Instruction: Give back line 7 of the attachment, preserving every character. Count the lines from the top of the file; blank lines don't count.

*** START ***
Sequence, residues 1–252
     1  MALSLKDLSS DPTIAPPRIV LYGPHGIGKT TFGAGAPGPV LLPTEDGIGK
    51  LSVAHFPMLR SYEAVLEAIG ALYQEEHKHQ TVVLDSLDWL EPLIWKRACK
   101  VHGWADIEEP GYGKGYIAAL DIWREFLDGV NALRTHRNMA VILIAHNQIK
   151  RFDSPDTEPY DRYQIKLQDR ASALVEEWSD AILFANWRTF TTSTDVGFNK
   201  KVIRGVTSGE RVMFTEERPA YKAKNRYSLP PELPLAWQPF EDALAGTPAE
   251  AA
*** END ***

   251  AA